Julian Simon’s DDT deceit

Last year I posted about The Great DDT Hoax, the fake story of how DDT had all but eliminated malaria in Sri Lanka until evil enviros banned its use. Most of the people repeating this hoax were just part of the disinformation cycle and were merely guilty of lazy and sloppy research. But some of them had certainly read accurate accounts of what happened and were deliberately deceiving their readers.

I can add Julian Simon to the list of dishonest ones. In the Ultimate Resource 2 Page 261 he writes about “environmental scares”:

DDT, sensationalized by Rachel Carson in 1962. Said to cause hepatitis.
Discontinued in U.S. in 1972. Known then to be safe to humans (caused death only if
eaten like pancakes). Some damage to wildlife under special conditions.

With the aid of DDT, “India had brought the number of malaria cases down from the estimated 75 million in 1951 to about 50,000 in 1961. Sri Lanka reduced malaria from about three million cases after World War II to just 29 in 1964.” Then as the use of DDT went down, “Endemic malaria returned to India like the turnaround of a tide.” By 1977 “the number of cases reached at least 30 million and perhaps 50 million.”

And pages 462-463

Also, “Sri Lanka … reduced malaria from about three million cases after World War II to just 29 in 1964.” But then DDT was banned. And due to the evolution of pesticide-resistant strains of carrier insects and the concomitant damage to the insects’ natural predators, pesticides soon lose their effectiveness. The disease has returned in force; by 1970 Sri Lanka may have had a million cases of malaria per year.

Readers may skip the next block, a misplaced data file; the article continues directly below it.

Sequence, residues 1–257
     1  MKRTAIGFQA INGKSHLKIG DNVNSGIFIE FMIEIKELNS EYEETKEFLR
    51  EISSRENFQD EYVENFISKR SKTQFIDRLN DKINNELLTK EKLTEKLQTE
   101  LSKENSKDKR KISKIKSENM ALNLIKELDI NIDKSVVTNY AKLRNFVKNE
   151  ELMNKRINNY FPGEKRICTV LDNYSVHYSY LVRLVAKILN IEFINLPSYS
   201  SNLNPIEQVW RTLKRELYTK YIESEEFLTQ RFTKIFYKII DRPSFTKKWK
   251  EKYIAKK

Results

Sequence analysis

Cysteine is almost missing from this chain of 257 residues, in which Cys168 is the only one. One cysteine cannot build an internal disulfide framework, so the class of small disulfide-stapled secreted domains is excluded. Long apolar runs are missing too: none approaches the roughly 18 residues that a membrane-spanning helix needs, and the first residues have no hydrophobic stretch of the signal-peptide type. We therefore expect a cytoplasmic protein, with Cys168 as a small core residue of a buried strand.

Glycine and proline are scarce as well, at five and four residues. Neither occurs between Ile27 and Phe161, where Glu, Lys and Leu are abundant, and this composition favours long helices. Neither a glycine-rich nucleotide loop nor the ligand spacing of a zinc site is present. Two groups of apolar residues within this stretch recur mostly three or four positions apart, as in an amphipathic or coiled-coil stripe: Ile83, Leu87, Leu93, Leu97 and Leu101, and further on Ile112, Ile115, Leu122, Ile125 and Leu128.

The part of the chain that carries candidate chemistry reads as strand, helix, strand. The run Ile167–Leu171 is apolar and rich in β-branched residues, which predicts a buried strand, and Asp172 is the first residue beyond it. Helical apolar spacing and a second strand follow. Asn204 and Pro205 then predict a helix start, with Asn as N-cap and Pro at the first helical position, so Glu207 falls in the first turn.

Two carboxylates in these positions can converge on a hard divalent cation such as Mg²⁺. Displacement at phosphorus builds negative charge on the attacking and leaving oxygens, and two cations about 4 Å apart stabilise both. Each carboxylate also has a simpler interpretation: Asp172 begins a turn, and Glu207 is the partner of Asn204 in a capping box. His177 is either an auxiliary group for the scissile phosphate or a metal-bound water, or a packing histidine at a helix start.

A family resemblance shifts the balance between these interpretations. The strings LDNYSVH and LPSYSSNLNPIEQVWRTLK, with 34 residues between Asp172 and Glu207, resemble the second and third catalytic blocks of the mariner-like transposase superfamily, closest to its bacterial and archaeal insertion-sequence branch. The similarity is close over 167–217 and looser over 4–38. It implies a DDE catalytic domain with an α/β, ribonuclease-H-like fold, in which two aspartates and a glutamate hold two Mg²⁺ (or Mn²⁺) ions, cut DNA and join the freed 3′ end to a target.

Now Simon’s four quotes all come from Gordon Harrison’s Mosquitoes, malaria, and man. Trouble is, if you read Harrison’s account of the resurgence of malaria in Sri Lanka and India (I have a copy here), you find out that DDT was not banned and environmentalists had nothing to do with it. It is true that DDT shortages were partly responsible for the resurgence, but that was because they were trying to increase DDT spraying in response to the malaria epidemic. So Simon must have read Harrison’s account, copied the quotations from it and then decided to blame environmentalist scare tactics for the resurgence, even though he knew it wasn’t their fault.

Comments

  1. #1 Jim
    January 19, 2006

    Mosquito: A Natural History of our Most Persistent and Deadly Foe, by Andrew Spielman, Sc. D., and Michael D’Antonio, Hyperion, 2001 also has a great history of Malaria and DDT, including what happened in Sri Lanka. Spielman shows that DDT was not the miraculous stuff the supporters claim.

  2. #2 Dano
    January 19, 2006

    It’s OK that Simon said this because, you know, his stuff sounds so good.

    Best,

    D

  3. #3 Robert
    January 19, 2006

    Good luck in getting a correction. Simon died in 1998.

  4. #4 Tim Lambert
    January 20, 2006

    I reckon he’s as likely to correct it as Fumento.

  5. #5 guthrie
    January 20, 2006

    With regards to casulalties from not using DDT, and blaming all the deaths on environmentalists, someone wrote into my local newspaper with all the usual talking points. (52 million dead due to DDT ban, etc etc) I replied, pointing out the example of Sri Lanka, information gained from this blog.